NSCLC: non-small-cell lung carcinoma; GOLPH3: Golgi phosphoprotein 3; HR: hazard ratio; OR: odds ratio; IHC: immunohistochemistry; OS: overall survival; PFS: progression-free survival; mTOR: mammalian target of rapamycin; FOXO1: forkhead box protein O1.
We thank Dr. Yang Song in Pfizer medical for providing helpful suggestions. This study was supported by the National Natural Science Foundation of China (Grant No. 81670051).
Forest plots for the prognostic meta-analysis. A. Hazard ratio (HR) with 95% CI for the association between high GOLPH3 expression and overall survival (OS) in univariate analysis, high vs low GOLPH3 expression. B. HR with 95% CI for the association between high GOLPH3 expression and OS in multivariate analysis, high vs low GOLPH3 expression. C. Subgroup analysis of HR based on the method of obtaining HRs with 95% CI for OS in univariate analysis, high vs low GOLPH3 expression. D. HR with 95% CI for the association between high GOLPH3 expression and progression free survival (PFS) in multivariate analysis, high vs low GOLPH3 expression. If HR > 1 and the 95% CI doesn't include 1, it represents that patients with high GOLPH3 expression have a poor prognosis.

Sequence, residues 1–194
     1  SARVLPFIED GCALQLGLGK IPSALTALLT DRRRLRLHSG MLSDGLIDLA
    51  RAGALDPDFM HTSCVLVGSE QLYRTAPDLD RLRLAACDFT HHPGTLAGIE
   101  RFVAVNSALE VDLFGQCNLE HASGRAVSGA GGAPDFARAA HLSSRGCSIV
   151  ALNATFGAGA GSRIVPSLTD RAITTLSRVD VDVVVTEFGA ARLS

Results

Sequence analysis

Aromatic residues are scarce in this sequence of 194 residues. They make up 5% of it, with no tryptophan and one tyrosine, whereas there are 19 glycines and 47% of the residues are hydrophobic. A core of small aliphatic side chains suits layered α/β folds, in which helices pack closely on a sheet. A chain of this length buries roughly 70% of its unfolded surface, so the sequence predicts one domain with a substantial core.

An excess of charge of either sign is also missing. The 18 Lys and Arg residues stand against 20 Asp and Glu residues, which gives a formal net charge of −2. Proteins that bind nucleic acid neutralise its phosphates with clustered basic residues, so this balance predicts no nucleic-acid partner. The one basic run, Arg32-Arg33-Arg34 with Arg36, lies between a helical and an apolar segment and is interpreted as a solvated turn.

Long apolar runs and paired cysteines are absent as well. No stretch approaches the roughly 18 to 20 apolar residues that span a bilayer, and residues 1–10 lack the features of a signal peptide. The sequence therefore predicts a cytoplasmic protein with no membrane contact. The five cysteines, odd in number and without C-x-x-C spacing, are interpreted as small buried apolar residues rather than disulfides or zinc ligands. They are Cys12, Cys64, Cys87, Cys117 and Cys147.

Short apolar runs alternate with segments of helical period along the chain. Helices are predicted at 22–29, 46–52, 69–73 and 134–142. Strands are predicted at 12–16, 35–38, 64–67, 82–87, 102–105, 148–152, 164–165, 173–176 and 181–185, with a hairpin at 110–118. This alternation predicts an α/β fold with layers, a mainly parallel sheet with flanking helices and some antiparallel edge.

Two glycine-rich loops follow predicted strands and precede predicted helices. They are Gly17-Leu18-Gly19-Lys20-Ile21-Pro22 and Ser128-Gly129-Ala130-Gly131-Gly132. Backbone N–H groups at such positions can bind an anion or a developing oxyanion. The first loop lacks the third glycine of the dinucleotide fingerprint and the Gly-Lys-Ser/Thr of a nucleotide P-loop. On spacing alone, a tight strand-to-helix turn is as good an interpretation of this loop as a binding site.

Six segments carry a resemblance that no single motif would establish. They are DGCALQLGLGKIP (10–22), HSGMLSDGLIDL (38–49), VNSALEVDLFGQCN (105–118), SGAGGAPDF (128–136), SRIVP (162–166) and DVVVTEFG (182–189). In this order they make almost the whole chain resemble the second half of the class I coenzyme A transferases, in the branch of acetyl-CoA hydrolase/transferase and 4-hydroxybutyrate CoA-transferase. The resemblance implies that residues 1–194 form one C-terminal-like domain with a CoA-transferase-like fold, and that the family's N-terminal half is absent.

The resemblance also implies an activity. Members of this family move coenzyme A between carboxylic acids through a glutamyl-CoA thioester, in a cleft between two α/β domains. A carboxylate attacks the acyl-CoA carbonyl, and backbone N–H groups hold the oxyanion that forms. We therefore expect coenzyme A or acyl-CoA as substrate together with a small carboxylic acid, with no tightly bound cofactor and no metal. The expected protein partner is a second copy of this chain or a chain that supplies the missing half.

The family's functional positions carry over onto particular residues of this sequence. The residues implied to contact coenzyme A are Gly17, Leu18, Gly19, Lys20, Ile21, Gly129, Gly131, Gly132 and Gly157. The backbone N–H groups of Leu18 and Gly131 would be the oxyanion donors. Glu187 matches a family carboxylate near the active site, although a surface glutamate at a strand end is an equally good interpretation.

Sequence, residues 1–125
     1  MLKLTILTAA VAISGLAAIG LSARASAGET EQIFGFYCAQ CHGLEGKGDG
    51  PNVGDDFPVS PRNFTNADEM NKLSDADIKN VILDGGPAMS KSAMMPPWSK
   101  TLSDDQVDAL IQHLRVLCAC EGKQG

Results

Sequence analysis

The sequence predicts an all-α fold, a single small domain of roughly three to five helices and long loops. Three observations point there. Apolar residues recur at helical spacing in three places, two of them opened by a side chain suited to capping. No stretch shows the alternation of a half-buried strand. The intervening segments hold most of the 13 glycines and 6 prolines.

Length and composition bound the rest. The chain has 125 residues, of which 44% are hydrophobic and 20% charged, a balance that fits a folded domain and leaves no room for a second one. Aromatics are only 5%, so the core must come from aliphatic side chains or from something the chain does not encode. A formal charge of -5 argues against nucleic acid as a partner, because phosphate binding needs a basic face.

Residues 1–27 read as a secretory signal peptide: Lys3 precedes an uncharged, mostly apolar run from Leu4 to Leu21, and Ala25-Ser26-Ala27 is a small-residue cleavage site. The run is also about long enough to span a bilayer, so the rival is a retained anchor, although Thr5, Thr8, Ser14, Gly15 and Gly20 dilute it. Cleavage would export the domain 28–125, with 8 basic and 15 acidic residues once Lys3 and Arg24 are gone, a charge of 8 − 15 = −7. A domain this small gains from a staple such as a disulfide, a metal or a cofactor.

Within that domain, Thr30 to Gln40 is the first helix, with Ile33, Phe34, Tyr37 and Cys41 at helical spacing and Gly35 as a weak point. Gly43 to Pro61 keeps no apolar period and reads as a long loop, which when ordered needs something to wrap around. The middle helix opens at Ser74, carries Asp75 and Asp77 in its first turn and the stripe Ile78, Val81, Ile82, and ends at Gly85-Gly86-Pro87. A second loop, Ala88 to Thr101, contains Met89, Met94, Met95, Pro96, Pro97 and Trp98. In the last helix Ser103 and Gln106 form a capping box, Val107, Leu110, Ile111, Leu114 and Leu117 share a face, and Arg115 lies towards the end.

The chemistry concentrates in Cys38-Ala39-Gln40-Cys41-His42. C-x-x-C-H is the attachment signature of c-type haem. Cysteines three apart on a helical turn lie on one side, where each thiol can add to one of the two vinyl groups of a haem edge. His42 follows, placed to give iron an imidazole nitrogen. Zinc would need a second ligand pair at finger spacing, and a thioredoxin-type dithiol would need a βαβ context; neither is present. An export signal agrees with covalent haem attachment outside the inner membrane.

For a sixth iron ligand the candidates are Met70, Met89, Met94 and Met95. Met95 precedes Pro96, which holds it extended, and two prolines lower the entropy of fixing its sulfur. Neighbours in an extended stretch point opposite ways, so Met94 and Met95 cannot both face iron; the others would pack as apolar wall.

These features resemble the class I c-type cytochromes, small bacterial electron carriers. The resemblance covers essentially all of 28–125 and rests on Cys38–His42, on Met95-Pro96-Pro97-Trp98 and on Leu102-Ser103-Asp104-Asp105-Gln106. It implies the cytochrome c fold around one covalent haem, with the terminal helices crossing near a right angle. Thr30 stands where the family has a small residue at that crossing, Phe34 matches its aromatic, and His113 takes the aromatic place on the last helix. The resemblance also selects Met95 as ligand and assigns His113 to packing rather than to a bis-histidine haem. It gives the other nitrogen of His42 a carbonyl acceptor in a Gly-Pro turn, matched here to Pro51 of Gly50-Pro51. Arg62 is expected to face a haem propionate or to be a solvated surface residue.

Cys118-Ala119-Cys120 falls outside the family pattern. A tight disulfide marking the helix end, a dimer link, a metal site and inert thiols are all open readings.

Forests plots of sensitivity analysis for the relationship between high GOLPH3 expression and overall survival (OS) in patients with lung cancer.
Egger's test for publication bias in GOLPH3 impact on the overall survival (OS) in patients with lung cancer.
The authors have declared that no competing interest exists.
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Corresponding author: Dr. Manxiang Li; Department of Respiratory and Critical Care Medicine, the First Affiliated Hospital of Xi'an Jiaotong University; No. 277, West Yanta Road, Xi'an, Shaanxi 710061, China; Telephone: +86-029-85324053; Fax: +86-029-85324053; E-mail address: manxianglicom.